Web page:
Asset sales might also be required in Illinois, Florida, Ohio, Maryland and Massachusetts, Andrew Partheniou, an equity analyst with St. Louis-based investment banking firm Stifel GMP, wrote in a Wednesday note.
Combined entity to carry Cresco name
The combined company will continue to be called Cresco Labs, with Bachtell at the helm as CEO.
Columbia CEO Nicholas Vita will become a board member, with the possibility of a “potential management role” in the future, according to a Cresco spokesperson.
Cresco has roughly 3,500 employees, according to a Wednesday earnings release.
Columbia listed 1,781 employees as of March 1, 2021, according to a regulatory filing.
Under the proposed acquisition announced Wednesday, Columbia shareholders would receive 0.5579 of a Cresco subordinate voting share for each Columbia share held, a premium of roughly 16% over the companies’ Tuesday closing share prices.
Columbia shareholders would end up with roughly 35% of Cresco.
The acquisition, which is subject to court, regulatory and shareholder approvals, is expected to close in the fourth quarter of this year.
Cresco has successfully closed a number of acquisitions in recent years, including Ohio medical marijuana dispensary chain Verdant Creations, Florida MMJ company Bluma Wellness, Massachusetts cannabis operator Cultivate and Pennsylvania cannabis companies Cure Pennsylvania and Laurel Harvest Labs.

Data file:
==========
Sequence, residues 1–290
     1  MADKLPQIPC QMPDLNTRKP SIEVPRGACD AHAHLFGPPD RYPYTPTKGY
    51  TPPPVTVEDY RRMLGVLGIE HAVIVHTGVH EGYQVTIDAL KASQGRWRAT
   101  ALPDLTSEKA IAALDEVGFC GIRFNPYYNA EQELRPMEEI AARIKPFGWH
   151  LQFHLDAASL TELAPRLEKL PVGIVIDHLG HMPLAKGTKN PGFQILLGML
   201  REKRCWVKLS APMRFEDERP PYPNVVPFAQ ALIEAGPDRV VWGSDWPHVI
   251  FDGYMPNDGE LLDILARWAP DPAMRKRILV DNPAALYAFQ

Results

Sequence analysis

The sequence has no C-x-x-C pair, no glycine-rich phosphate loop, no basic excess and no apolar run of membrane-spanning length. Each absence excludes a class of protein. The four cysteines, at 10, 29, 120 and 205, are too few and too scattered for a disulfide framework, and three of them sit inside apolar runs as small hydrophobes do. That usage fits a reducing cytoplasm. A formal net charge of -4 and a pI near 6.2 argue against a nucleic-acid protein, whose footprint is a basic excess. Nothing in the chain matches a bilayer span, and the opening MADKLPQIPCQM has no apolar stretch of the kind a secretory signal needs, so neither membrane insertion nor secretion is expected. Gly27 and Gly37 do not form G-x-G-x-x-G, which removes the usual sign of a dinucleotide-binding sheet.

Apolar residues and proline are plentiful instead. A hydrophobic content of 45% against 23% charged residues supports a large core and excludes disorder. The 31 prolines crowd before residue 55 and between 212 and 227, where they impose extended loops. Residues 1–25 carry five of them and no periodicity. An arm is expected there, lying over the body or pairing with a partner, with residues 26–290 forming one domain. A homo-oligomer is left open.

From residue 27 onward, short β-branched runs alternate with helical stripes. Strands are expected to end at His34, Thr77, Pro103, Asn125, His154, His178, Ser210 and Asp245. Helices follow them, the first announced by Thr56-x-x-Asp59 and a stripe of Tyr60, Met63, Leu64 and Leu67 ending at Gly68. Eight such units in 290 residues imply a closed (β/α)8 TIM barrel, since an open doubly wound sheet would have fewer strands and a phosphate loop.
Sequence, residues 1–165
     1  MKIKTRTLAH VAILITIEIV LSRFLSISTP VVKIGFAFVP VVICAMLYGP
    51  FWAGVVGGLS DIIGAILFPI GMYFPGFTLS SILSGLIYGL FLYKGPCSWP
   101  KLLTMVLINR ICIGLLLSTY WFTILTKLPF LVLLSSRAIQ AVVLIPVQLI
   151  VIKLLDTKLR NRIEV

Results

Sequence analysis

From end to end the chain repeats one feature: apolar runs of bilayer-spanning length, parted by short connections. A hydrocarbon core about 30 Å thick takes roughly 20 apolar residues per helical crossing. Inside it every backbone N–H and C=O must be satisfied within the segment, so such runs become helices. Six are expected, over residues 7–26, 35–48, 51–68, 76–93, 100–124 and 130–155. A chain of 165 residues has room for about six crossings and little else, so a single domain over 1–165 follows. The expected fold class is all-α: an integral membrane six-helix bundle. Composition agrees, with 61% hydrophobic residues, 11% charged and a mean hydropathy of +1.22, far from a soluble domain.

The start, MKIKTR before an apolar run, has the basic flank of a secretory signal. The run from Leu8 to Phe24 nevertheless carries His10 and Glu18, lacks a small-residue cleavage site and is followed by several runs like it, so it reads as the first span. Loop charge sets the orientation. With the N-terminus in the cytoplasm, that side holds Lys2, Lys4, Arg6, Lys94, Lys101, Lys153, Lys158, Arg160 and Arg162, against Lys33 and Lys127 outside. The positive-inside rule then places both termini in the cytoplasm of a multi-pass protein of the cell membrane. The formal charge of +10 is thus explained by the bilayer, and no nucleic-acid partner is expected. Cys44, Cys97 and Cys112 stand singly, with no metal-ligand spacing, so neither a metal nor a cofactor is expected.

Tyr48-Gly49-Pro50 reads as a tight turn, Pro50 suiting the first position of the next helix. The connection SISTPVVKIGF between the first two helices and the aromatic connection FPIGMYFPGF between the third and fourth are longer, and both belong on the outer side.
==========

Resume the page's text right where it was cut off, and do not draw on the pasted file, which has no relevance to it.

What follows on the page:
However, several other proposed Cresco acquisitions have been terminated, including deals to acquire:
‘Considerable risk to close’
Stifel GMP’s Partheniou observed that the Cresco-Columbia deal “may have considerable risk to close given the significant footprint overlap and Cresco Labs having a spotty track record with three terminated acquisitions.”
If the deal falls through, a termination fee of $65 million would be due to Cresco under certain, unspecified circumstances, according to the joint news release.
The release did not specify whether Cresco would owe Columbia a termination fee.
The $2 billion deal is set to be one of the largest M&A transactions in U.S. cannabis history.
Florida-based MSO Trulieve announced a $2.1 billion deal to acquire Arizona-headquartered Harvest Health & Recreation in May 2021, a deal that closed in October.
Other recent major U.S. cannabis transactions include Verano Holdings’ $413 million deal to acquire Goodness Growth Holdings and TerrAscend’s $545 million deal to buy Gage Growth, which closed this month.
Cresco also reported earnings on Wednesday for the fourth quarter and year ended Dec. 31, 2021.
Annual revenue was $821.7 million, including fourth-quarter revenue of $217.8 million.
Cresco posted an $11.9 million net loss for the quarter, compared with a net loss of $41.2 million in the same quarter of 2020.
The company’s annual net loss was $296.8 million, compared with a $92.8 million net loss the year before.
Most of that annual net loss was attributable to a $291 million third-quarter impairment charge related to the company changing its California strategy.
Cresco had nearly $224 million in cash and equivalents on hand at the end of 2021.
Solomon Israel can be reached at email@example.com.